The summit stands a matter of metres inside Scotland and is topped with an enormous cairn and a triangulation pillar. Topping out at a fairly decent 619 metres (2031 feet) high it enjoys tremendous all-round views over both sides of the border, and, as it also stands on the route of the Pennine Way, Windy Gyle is, by Cheviot standards, a relatively popular hill to visit. There are many ways to reach this iconic summit, some of which are well-trodden, others which are very much on the quieter side- you are absolutely killed for choice. This walk treads a line between the two, offering on the one hand a taste of some of the quieter routes whilst also taking in some of the more popular tracks. Whichever way you reach the top of this border-straddling hill, you will be inundated with outstanding vistas as well as enjoying a giant slice of the incredible peacefulness of the Cheviot Hills. When your day is done, you will in all likelihood be seeking out other alternative routes to this, one of the finest hills in the range. You will find a number of other routes on this website by simply consulting our Index of Hills.



Windyhaugh & the River Coquet

The Walk


1. The drive through Upper Coquetdale, from the tiny settlement of Alwinton to the start of this walk just beyond the beautifully situated farm of Windyhaugh, is perhaps one of the finest in the whole of Northumberland as you twist and turn along six miles of undulating single track road never straying far from the delightful River Coquet. Take it canny as you go for, just like Murray Mints, this journey is just too good to hurry. Once beyond Windyhaugh, which lies on the opposite of the river, you will see, on the right hand of the road, a small plantation and some sheep pens. Park your car on the river side of the road on the broad green haugh (GR NT861112) with Tindale Law rising steeply immediately across the river, and the equally steep slopes of Barrow Law climbing up from behind the plantation. This is a perfect spot to start your walk, and, if you are lucky, you might just hear the piping of the oystercatchers which seem to inhabit this stretch of Upper Coquetdale during the summer months. Once you are ready for the off, primed for the day ahead, head back down the single track road passing, as you get into your stride, the farm buildings of Windyhaugh on the opposite river bank. When David Dippie Dixon wrote his 1903-published book, Upper Coquetdale Northumberland Its History, Traditions, Folk-lore and Scenery, he said that there was at Windyhaugh, a voluntary school, and although this is without doubt the most remote school in the county, the scholars daily walking several miles across the fells or down the valley to attend it, it obtains very excellent reports from the Government Inspectors. The school master at that time was a certain Andrew Blythe.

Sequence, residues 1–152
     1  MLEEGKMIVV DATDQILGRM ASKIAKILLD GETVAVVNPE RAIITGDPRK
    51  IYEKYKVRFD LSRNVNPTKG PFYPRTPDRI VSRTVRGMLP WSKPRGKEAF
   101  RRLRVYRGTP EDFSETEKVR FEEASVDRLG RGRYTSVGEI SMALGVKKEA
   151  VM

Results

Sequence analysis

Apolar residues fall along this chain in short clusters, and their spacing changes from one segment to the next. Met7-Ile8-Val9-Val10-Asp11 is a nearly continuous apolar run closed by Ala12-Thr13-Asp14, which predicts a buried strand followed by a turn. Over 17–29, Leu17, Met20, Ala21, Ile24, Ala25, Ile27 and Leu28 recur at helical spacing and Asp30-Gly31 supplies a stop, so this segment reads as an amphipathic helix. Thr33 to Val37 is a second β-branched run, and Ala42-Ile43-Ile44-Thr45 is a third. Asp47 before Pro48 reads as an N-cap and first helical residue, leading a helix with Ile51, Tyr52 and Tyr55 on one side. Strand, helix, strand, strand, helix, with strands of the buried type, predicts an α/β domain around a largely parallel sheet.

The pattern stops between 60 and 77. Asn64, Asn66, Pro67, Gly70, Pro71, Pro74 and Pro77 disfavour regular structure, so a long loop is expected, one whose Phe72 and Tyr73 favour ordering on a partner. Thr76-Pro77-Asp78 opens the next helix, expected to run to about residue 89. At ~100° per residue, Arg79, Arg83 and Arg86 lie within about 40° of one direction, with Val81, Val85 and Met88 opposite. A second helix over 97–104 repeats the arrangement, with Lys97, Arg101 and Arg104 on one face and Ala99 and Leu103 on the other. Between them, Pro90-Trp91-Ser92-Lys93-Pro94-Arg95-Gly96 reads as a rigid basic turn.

Andrew Blythe-Windyhaugh School Master


2. Some 150 metres after passing Windyhaugh, at a point where the road takes a slight kink to the right, you will see a five bar gate in front of you (GR NT866110), and this is your route ahead. Once through the gate your boots will be following, for a very short stretch, the route of the old road through this part of Upper Coquetdale, a road which was superseded by the current road in 1935 upon the construction of the road bridge over the River Coquet close to the entrance to the farm of Barrowburn. After some 100 metres, beside a marker post, you will need to turn sharp left to begin your steady climb towards higher ground. As you begin to gain a little height, be sure to look back over your shoulder at the beautiful view of idyllic Barrowburn and the twinkling River Coquet as it meanders downstream to an ultimate meeting with the cold North Sea at the fishing port of Amble. Keep with the clear green uphill track, climbing steadily across the eastern flanks of Barrow Law, and eventually the gradient will begin to ease as the huge view ahead opens up. You are following a fine Public Bridleway which on some earlier Ordnance Survey maps was described as The Border County Ride, a 100 mile horse-riding route which fell into disuse a number of years ago. It makes for easy walking over a wide expanse of grassland as you head towards the obvious but distant curves of Hazely Law standing proudly behind the plantation surrounding Murder Cleugh.


Heading towards Hazely Law